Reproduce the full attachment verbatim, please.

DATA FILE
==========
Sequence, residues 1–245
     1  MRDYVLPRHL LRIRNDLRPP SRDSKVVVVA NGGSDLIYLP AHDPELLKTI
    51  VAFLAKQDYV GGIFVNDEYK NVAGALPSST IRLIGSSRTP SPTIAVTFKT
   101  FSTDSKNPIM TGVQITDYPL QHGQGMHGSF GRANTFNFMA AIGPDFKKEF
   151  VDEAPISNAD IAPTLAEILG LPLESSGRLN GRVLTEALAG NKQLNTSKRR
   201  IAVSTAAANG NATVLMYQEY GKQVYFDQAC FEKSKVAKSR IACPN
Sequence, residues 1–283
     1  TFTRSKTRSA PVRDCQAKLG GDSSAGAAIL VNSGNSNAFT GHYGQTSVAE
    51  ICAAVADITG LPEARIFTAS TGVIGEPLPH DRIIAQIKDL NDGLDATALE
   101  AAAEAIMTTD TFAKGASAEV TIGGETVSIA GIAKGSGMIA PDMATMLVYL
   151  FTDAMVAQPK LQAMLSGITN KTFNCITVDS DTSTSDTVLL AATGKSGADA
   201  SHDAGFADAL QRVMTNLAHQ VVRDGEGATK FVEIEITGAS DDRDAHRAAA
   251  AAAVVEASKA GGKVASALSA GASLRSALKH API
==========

Sequence, residues 1–245
     1  MRDYVLPRHL LRIRNDLRPP SRDSKVVVVA NGGSDLIYLP AHDPELLKTI
    51  VAFLAKQDYV GGIFVNDEYK NVAGALPSST IRLIGSSRTP SPTIAVTFKT
   101  FSTDSKNPIM TGVQITDYPL QHGQGMHGSF GRANTFNFMA AIGPDFKKEF
   151  VDEAPISNAD IAPTLAEILG LPLESSGRLN GRVLTEALAG NKQLNTSKRR
   201  IAVSTAAANG NATVLMYQEY GKQVYFDQAC FEKSKVAKSR IACPN
Sequence, residues 1–283
     1  TFTRSKTRSA PVRDCQAKLG GDSSAGAAIL VNSGNSNAFT GHYGQTSVAE
    51  ICAAVADITG LPEARIFTAS TGVIGEPLPH DRIIAQIKDL NDGLDATALE
   101  AAAEAIMTTD TFAKGASAEV TIGGETVSIA GIAKGSGMIA PDMATMLVYL
   151  FTDAMVAQPK LQAMLSGITN KTFNCITVDS DTSTSDTVLL AATGKSGADA
   201  SHDAGFADAL QRVMTNLAHQ VVRDGEGATK FVEIEITGAS DDRDAHRAAA
   251  AAAVVEASKA GGKVASALSA GASLRSALKH API